Comedy Central has struck again with another entry into its already impressive lineup of reality show spoofs. The channel that brought hilariously absurd programming like Contest Searchlight, I’m With Busey, and Reno 911 to airwaves has a new target when it comes to parodying reality shows. This time they’re after Bravo’s Queer Eye for the Straight Guy, a fairly easy target that was bound to get spoofed somewhere.
On Monday, Feb. 23, the network aired the first episode of Straight Plan for the Gay Man, a three-part series that will unfold in the coming weeks. The one-hour show features four straight comedians (“The Flaab Four”) who help gay men carry out their supposed dreams of seeing what a day of life is like for a straight guy.
The Flab Four is made up of Kyle Grooms, Curtis Gwynn, Billy Merritt, and Rob Riggle, four not-too-recognizable comedians who haven’t hit it big yet. Grooms is the most notable, from Comedy Central shows like Tough Crowd With Colin Quinn and Premium Blend. In the first show, the guys attempted to turn extremely gay fashion executive Jonathan into a tough meatpacker.
While this show sets out to poke fun at the popular Bravo program of similar name, it really excels by pointing out all the little stereotypical differences between straight and gay men and exploiting them. In Jonathan’s episode, the guys teach him important straight-man lessons like blaming failures on other people, taking joy in the misfortunes of your friends, and shopping at the Salvation Army.
The show has tons of great setups, whether it’s a scene with ultra-trendy Jonathan picking out his wardrobe from piles of used clothing, or one of the comedians redecorating Jonathan’s fashionable apartment with things he finds in the dumpster outside. Although the four comedians tend to go for the obvious joke almost all the time, there are still quite a few laughs and enough to make the show a success.
Contest Searchlight, a fictional parody of the popular Project Greenlight, debuted a couple years ago to mass confusion among Comedy Central viewers. Not many realized that what they were watching was supposed to be ridiculous and that it wasn’t a legitimate reality show. The same is true for I’m With Busey, a brilliant satire on celebrity life that alienated lots of viewers by refusing to admit it was faked. If the show had been marketed differently, Busey would have been heralded as a genius for his amazing performance as a whacked-out version of his celebrity image.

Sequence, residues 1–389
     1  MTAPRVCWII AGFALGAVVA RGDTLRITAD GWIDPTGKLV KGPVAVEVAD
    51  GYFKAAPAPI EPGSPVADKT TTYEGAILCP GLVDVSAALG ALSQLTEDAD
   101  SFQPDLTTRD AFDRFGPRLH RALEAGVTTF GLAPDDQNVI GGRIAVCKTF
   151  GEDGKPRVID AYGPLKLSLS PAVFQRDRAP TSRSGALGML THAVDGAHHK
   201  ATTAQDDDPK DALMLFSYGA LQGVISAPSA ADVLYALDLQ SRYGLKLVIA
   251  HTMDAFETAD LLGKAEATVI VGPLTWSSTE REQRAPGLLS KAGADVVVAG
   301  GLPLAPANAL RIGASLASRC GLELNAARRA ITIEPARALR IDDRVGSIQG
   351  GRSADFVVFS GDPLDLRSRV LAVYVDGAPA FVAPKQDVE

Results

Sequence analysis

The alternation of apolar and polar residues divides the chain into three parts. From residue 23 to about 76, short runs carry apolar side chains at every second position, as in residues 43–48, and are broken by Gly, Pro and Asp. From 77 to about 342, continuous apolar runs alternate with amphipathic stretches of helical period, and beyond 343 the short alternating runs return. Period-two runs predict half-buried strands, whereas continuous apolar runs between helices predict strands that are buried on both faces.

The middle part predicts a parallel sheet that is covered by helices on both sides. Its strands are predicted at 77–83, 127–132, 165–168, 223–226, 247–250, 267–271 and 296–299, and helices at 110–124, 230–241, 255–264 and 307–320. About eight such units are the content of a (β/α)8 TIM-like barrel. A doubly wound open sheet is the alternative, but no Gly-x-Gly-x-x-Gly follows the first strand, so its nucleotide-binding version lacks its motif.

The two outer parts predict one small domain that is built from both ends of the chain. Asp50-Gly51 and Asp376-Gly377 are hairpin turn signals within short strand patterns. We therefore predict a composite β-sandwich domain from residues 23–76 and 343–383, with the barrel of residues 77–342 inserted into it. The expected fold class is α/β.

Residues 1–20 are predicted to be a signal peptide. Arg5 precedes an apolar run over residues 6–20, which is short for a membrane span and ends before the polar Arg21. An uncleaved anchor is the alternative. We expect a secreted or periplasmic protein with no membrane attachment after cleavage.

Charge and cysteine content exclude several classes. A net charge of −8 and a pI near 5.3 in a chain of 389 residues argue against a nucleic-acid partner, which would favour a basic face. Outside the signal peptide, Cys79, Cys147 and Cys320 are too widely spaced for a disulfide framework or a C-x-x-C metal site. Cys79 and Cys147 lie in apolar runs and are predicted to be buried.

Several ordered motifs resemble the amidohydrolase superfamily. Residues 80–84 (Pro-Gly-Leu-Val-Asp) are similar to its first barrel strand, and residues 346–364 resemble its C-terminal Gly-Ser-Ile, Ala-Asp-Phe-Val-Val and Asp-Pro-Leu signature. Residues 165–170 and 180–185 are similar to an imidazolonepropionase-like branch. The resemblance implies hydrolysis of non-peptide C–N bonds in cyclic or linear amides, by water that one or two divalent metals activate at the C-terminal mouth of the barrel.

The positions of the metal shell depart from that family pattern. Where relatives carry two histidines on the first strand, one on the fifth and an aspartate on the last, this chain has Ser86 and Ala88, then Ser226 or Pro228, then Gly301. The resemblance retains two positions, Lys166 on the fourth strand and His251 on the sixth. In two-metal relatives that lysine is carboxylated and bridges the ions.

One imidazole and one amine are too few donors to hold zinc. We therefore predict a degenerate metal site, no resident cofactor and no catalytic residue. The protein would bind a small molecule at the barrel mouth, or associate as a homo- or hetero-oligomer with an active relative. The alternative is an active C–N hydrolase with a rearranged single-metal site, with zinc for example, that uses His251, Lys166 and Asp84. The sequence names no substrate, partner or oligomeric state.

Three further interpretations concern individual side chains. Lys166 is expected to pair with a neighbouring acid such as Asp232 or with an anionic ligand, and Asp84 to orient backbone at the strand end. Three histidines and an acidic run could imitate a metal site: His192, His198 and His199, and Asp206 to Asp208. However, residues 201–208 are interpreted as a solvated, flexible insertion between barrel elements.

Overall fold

The most popular of Comedy Central’s reality show parodies is Reno 911, a hilarious cop show that has a second season on the way. The format of all of these shows allows for a lot of improv comedy, as it fits perfectly with the documentary style the shows aim for. So instead of doing normal sketch comedy like Kids in the Hall or bizarre sitcom-inspired weirdness like the Upright Citizens Brigade, a really talented comedy troupe could take on reality shows and be a big hit, especially with the edgy Comedy Central audience.
Straight Plan for the Gay Man is a good show, but not a great one. The best comedy in it comes from the ideas, not from the Flab Four, whose execution of these setups is as sloppy as Jonathan’s apartment after a straight guy makeover. Fans of Queer Eye for the Straight Guy should definitely watch, as it’s a funny enough tribute/spoof of that show. But after the three episodes of Straight Plan are long forgotten, the heart of Comedy Central’s programming will still lie with truly innovative and hysterical shows like Chappelle’s Show, Crank Yankers, and The Daily Show with Jon Stewart.
Shawn Wines can be contacted at firstname.lastname@example.org